Media’s Misrepresentation of Asian American Women

In Leslie Bow’s Betrayal, she touches on the idea that conflicting definitions of community lead to confusion and loss of communal belonging. In the United States, Asian American women have been held to several different stereotypes: sensual, exotic, man-pleaser, and devious, just to name a few. These stereotypes place women in a box and define who they are to society. In a sense, these differing stereotypes are like differing communities, and when Asian American women see themselves portrayed as someone different than who they are, it leads to a loss of belonging. I’d like to focus on where we get these conflicting definitions, who is really controlling them, and what effects do they have on Asian American women. Most of my analysis will come from insights I’ve pulled from a personal essay, “Asian Misrepresentation in Media Propels Stereotypes,” by Irene Ly that ran in her college newspaper.

In the film Slaying the Dragon, we learn how the stereotype of Asian American women changed over time in the film industry. After watching this film, I really thought about media’s influence over society. If the media portrays Asian American women a certain way, most of society will then see them through that lens, and make assumptions based off of what they have seen in the media. Ly describes how she grew up watching Hong Kong dramas and listening to music that portrayed Asians as well-rounded characters that could have any type of personality. When she transitioned to Hollywood films, Asians were suddenly few and far between, and when they were on screen they were either the nerds, kung fu fighters, or immigrants. These images on-screen conflicted with Ly’s perception of her own culture and, if it weren’t for her love of Hong Kong movies, she could have seen herself through media’s manipulative lens.

Media companies want money. They make money by selling movies and shows. The sell movies and shows by attracting an audience. They attract an audience by appealing to their perspectives and ideas of what “normal” is. People like “normal.” By now, Asian American stereotypes have become so prevalent that the stereotypes have become the new “normal.” Therefore, if people in an audience disagree with the portrayal of certain people (i.e. Asian Americans), that film will most likely receive negative reviews. So is the problem the producers that portray the stereotypes on screen? Or is the problem the people that happily absorb the stereotypes and cringe when they see something that isn’t “normal?” The discussion of society’s resistance to change is a whole other conversation, but their contentedness with stereotypes is disturbing.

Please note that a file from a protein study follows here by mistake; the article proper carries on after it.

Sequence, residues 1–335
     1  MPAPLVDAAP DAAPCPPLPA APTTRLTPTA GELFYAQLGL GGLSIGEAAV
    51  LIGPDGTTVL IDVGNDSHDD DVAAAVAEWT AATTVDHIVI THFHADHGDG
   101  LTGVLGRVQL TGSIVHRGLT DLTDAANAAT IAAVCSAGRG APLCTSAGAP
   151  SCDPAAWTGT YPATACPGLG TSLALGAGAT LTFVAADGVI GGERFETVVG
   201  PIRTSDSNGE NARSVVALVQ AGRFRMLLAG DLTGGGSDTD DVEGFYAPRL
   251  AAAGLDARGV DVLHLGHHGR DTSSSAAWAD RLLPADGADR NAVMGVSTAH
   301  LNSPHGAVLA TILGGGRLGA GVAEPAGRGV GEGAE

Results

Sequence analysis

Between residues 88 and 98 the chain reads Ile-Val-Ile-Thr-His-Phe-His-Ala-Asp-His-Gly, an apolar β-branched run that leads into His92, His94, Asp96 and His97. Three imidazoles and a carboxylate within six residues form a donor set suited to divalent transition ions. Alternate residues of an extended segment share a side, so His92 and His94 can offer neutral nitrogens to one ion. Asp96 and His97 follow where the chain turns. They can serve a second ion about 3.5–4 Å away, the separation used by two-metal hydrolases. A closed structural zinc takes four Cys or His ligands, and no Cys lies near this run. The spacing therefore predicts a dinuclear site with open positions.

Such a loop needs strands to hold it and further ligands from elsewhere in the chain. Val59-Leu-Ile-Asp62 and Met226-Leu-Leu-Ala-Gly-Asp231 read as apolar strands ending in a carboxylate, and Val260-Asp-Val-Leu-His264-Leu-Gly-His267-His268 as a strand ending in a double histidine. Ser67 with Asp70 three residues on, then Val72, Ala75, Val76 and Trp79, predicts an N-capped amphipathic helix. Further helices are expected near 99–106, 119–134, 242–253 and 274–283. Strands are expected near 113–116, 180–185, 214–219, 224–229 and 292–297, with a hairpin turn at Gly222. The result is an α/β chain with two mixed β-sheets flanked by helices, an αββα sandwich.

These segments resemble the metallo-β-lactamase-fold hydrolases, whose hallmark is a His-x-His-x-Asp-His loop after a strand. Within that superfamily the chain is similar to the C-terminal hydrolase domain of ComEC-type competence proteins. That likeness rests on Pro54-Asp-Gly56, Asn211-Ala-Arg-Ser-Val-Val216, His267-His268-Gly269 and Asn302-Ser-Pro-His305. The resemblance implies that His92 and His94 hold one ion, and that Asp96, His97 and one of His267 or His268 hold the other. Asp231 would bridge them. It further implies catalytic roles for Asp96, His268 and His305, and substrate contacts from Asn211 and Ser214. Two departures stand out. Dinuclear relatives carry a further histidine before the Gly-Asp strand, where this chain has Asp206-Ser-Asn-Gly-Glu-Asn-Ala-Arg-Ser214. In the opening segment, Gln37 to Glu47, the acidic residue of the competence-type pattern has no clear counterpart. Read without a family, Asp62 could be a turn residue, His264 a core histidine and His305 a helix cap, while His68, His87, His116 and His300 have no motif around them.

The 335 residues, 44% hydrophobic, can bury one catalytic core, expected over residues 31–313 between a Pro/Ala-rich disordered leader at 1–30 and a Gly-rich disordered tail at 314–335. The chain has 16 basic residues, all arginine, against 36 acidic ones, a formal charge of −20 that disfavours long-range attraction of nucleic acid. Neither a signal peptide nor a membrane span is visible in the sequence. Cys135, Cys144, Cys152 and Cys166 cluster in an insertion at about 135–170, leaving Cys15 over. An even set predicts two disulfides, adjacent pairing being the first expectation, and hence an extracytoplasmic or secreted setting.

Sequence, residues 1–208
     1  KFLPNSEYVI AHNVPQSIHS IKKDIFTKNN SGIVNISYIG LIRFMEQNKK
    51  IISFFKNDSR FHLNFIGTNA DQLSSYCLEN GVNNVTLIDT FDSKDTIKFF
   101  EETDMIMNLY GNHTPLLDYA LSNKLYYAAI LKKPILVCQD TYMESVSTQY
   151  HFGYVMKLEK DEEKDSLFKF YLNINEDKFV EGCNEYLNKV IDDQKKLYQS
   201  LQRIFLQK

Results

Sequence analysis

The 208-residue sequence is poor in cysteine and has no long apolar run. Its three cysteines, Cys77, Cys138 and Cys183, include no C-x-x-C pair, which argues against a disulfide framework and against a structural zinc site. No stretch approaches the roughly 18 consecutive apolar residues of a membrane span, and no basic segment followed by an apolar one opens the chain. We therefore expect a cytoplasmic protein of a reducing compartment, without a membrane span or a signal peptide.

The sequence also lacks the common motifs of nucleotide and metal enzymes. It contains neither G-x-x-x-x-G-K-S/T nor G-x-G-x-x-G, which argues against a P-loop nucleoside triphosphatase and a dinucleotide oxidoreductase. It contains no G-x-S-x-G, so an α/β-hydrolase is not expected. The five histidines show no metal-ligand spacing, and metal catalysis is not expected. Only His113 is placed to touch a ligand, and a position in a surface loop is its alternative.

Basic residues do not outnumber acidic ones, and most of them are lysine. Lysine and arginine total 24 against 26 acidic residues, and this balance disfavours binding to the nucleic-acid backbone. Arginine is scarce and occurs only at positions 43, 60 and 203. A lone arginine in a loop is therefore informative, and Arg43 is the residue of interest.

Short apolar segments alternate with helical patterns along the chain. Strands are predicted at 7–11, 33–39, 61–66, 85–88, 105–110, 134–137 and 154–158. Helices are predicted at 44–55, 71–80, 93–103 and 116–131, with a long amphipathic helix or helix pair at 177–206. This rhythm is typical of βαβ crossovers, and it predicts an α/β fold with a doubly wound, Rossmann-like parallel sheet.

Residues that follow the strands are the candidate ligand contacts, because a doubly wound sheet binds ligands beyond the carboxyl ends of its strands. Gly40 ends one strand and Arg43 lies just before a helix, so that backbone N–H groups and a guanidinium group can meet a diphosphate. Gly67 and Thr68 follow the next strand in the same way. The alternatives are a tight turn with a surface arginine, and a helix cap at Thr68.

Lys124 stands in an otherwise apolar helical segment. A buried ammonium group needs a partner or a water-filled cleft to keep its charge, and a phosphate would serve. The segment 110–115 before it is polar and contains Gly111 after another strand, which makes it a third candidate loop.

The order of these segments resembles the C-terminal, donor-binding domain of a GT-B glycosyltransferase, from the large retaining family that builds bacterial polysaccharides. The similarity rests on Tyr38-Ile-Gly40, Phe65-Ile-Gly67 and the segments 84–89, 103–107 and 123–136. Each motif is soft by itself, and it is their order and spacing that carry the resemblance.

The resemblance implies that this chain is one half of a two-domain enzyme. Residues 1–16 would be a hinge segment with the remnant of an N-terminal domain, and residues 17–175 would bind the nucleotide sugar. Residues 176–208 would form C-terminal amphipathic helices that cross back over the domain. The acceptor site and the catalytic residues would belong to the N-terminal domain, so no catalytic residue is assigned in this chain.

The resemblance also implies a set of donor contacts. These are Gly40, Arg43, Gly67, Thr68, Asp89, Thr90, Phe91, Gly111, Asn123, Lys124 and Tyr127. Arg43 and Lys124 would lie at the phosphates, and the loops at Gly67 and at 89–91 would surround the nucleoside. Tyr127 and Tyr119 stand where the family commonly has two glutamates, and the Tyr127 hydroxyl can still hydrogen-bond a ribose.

Circling back to Bow’s piece, the plethora of accepted stereotypes makes it hard for Asian American women to identify themselves and find who they are apart from these accepted beliefs. Ly comments that it is very easy to say that “it’s just a movie” and nothing should come from these portrayals, but when she or any other Asian American women sees the same idea again and again, it can become easy to believe that the stereotypes must be true. She feels that, if she had not spent so much time with her Hong Kong movies and culture, she would have been less proud of her Asian identity. That fact alone—that stereotypes can make someone less proud of who they are—should be a cause for change in media. Yet, here we are, accepting the same fucked up ideas of who someone should be based on the color of their skin, or where their ancestors are from, time and time again.

The Encyclopedia Britannica definition of hegemony states that it is the dominance of one group over another, often supported by legitimating norms and ideas. Media is a hegemonic power. It has the ability to influence society by producing ideas that “they” think should be the norm. Asian American women are victims of the media’s bias, constantly being told how they should look, how they should act, what they should be doing. Asian American women have to exercise their agency to prove that they are their own, individual person, with their own ideas of what it means to be Asian American.


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